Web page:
Darl Moody and Calvin Hooper have been best friends forever, and so when Darl has the worst kind of accident, he knows who to turn to. You know what they say real friends will help you bury. The body in question is Carol Brewer; Darl was hunting out of season, and when he glimpsed something moving through the woods he thought it was a wild pig. Turned out he was wrong; turned out to be Carol, poaching ginseng on Coon Coward’s land. But you can’t bring the dead back to life, and you sure can’t call the cops for something like this. Carol is Dwayne’s brother, after all. Dwayne is a huge man, half- crazy and rattlesnake mean. There are no bygones in Dwayne Brewer’s world. There is only revenge.
My thanks go to G.P. Putnam and Net Galley for the galley, which I received free in exchange for this honest review.
“I’d be lucky if all he did was come after me,” Darl said, “But knowing him, knowing everything he’s done, you and me both know it wouldn’t end there. I bet he’d come after my mama and my little sister and my niece and nephews and anybody else he could get his hands on. That son of a bitch is crazy enough to dig up my daddy’s bones just to set him on fire.”
“[Calvin tells him] “You’re talking crazy, Darl.
So Carol disappears…for awhile. But Dwayne won’t be satisfied till he knows what has happened to his brother, who is all the family he has left. Once he finds out, of course all hell breaks loose.
Joy is a champion at building visceral characters and using setting to develop them further. I know of no living writer better at describing hard core rural poverty to rival anything the Third World can offer:
“The house had been built a room at a time from scrap wood salvaged and stolen. Nothing here was permanent and as each addition rotted away, a new one was hammered together from plywood and bent nails off another side so that slowly through the decades, the five-room shanty shifted around the property like a droplet of water following the path of least resistance. Red Brewer was no carpenter. Chicken coops were built better. So were doghouses. But this place had been the roof over their heads and had kept the rain off the Brewer clan’s backs all Dwayne’s miserable life.”
The murderous rage of Dwayne Brewer contrasts with the tender, poignant love that exists between Calvin and his girlfriend Angie, who has just learned she is pregnant. Calvin understands throughout all of this that he has a lot to lose, and this makes the conflict between Dwayne and Calvin a more unequal one.
I would have liked to see Angie better developed, and I blanched a bit at the line where she thinks that the only important thing is what’s growing in her uterus. But the story isn’t really about Angie, and I have seen Joy develop a strong female character in one of his earlier books. I hope to see more of that in his future work.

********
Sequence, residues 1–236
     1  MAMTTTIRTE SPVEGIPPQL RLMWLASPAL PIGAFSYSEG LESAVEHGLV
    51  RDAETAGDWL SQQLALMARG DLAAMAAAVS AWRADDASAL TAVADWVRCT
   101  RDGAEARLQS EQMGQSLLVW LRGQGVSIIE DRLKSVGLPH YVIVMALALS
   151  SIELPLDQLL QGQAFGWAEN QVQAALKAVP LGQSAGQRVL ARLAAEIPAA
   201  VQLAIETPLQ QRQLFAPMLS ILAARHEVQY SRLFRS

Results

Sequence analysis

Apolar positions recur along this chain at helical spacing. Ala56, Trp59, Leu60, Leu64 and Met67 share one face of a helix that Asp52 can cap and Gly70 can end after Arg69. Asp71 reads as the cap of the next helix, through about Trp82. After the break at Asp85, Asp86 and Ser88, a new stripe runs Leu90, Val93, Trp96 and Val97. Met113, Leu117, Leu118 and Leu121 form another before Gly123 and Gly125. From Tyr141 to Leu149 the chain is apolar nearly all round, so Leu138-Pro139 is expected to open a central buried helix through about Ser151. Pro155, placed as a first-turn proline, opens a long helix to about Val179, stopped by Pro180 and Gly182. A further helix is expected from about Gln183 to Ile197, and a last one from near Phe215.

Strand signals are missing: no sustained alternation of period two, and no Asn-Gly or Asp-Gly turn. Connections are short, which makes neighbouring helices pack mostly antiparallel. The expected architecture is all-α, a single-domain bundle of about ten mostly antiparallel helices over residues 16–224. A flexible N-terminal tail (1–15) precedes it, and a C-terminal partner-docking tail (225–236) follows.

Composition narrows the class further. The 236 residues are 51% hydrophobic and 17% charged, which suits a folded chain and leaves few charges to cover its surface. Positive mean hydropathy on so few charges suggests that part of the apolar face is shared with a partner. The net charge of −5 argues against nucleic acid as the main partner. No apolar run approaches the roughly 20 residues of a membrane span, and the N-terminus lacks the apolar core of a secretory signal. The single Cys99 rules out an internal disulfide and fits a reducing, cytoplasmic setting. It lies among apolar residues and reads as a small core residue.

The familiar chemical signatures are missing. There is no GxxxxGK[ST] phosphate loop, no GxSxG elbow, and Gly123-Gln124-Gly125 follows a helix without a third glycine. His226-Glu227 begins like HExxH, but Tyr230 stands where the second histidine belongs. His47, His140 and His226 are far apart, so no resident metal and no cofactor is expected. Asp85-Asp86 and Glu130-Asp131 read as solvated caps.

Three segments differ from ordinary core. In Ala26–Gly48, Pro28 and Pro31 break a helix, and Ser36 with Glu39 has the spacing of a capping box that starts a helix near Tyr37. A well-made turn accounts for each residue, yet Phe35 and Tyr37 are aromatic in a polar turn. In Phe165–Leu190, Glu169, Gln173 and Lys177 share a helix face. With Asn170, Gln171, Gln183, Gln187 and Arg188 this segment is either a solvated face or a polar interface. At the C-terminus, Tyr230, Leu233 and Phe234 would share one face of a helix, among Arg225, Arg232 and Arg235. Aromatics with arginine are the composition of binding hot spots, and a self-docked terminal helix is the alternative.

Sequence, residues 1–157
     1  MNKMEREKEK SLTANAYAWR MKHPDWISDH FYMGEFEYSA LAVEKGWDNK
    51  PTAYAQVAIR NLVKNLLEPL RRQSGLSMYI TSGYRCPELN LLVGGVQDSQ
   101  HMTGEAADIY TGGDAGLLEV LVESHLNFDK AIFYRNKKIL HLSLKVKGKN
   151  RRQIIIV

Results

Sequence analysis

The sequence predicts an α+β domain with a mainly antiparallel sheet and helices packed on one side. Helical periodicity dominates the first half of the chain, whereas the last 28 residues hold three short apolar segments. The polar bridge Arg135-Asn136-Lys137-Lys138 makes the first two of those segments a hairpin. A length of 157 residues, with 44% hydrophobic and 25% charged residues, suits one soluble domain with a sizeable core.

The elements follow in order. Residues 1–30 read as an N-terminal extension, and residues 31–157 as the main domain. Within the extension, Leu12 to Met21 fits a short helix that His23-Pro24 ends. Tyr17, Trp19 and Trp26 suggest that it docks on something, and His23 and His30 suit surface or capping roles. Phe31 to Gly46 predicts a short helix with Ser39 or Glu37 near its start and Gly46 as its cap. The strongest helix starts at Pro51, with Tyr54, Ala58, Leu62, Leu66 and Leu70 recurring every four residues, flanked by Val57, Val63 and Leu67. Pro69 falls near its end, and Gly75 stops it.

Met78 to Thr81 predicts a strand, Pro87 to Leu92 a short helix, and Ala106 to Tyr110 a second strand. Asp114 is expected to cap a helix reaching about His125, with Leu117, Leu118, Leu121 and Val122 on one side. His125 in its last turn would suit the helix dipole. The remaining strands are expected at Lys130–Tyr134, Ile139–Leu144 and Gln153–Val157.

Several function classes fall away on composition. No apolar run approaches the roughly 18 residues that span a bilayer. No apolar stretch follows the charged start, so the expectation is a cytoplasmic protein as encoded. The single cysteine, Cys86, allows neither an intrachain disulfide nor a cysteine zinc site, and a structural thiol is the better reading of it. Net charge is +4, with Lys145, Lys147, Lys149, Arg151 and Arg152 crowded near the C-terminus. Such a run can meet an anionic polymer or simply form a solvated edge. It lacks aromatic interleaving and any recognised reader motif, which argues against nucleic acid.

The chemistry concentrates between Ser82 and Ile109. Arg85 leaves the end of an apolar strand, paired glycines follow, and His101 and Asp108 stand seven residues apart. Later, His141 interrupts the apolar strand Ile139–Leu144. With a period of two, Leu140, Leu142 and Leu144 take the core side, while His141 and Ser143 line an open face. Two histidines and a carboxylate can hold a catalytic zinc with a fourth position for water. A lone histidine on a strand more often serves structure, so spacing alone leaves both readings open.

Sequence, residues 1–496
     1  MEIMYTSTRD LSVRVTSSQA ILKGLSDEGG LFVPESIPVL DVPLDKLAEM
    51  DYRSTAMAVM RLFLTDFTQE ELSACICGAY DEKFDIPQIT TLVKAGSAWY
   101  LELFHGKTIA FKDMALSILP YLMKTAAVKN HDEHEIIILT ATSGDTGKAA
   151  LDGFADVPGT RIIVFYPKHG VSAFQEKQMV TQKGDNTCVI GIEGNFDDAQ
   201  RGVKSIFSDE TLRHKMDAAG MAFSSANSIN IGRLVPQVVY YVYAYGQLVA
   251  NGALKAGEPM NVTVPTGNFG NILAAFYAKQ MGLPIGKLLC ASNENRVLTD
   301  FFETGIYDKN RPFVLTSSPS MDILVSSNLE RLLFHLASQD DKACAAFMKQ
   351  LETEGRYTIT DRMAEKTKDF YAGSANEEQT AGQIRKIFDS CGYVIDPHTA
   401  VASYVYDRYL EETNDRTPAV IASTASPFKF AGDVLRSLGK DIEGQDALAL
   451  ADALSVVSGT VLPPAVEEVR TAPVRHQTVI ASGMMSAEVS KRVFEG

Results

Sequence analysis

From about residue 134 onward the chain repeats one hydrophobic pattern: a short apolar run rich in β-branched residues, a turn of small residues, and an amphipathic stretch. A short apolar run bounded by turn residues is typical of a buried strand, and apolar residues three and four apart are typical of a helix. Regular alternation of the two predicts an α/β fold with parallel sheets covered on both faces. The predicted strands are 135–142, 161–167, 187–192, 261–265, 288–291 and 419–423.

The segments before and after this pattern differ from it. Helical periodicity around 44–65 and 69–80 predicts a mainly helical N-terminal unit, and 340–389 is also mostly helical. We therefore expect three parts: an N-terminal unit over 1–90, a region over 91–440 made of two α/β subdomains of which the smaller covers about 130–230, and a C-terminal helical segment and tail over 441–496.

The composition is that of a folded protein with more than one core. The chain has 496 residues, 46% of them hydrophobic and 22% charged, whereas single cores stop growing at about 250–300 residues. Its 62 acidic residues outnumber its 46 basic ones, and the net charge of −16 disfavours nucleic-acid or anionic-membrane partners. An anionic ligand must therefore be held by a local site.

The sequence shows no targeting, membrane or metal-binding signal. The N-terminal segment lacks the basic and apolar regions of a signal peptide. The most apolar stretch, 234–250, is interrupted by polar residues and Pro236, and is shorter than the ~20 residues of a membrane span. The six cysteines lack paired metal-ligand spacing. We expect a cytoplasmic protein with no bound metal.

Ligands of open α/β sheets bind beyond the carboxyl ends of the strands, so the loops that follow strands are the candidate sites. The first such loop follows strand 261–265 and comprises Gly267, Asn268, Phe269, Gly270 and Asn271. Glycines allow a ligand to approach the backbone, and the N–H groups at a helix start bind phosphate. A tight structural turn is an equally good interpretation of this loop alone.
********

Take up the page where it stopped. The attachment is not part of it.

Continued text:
Meanwhile, the passage where Dwayne visits Coon Coward—some four or five pages long—just about knocks me over. This is what great writing looks like.
I struggled a bit with the ending, and this is where the fifth star comes off. The first 96 percent of this tale is flat-out brilliant, but I feel as if Joy pulls the ending a bit, and I can’t see why. None of the rest of the book points us toward this conclusion.
Last, the reader should know that there is a great deal of truly grisly material here. We have a torture scene; we have numerous encounters with a decaying corpse. If you are a person that does most of your reading during mealtime, this might not be the best choice.
For those that love excellent literary fiction or Southern fiction, this story is recommended. It will be released August 14, 2018, but you can pre-order it now.
“Christ’s father let him die on that cross,” she said. “I understand why he done it.” She leaned closer, whispering, “But Christ never had no granny like me.”
Rory Docherty has come home from overseas “with war in his blood”; he’s come home to the mountains of North Carolina, and home to Granny May, the local herbalist—some also say she’s the local witch. His mother Bonni is in a mental institution, which was even a worse place to have to go in the 1950s than it is now. Rory doesn’t know for sure what broke her, because she hasn’t said one word in the years between then and now; Granny May knows, and withholds this powerful secret for reasons of her own. The life of the Docherty family is seldom easy, having Bonni erased from their midst has hit them hardest of all.
I read this book free and early, thanks to Net Galley and St. Martin’s Press. I’m not permitted to share my galley with anyone else, but I can do this: I can read it as many times as I damn want to. And although I can count on one hand the number of times I’ve done that, out of the five or six hundred free novels that I’ve received in the last few years, I’ll do it with this one.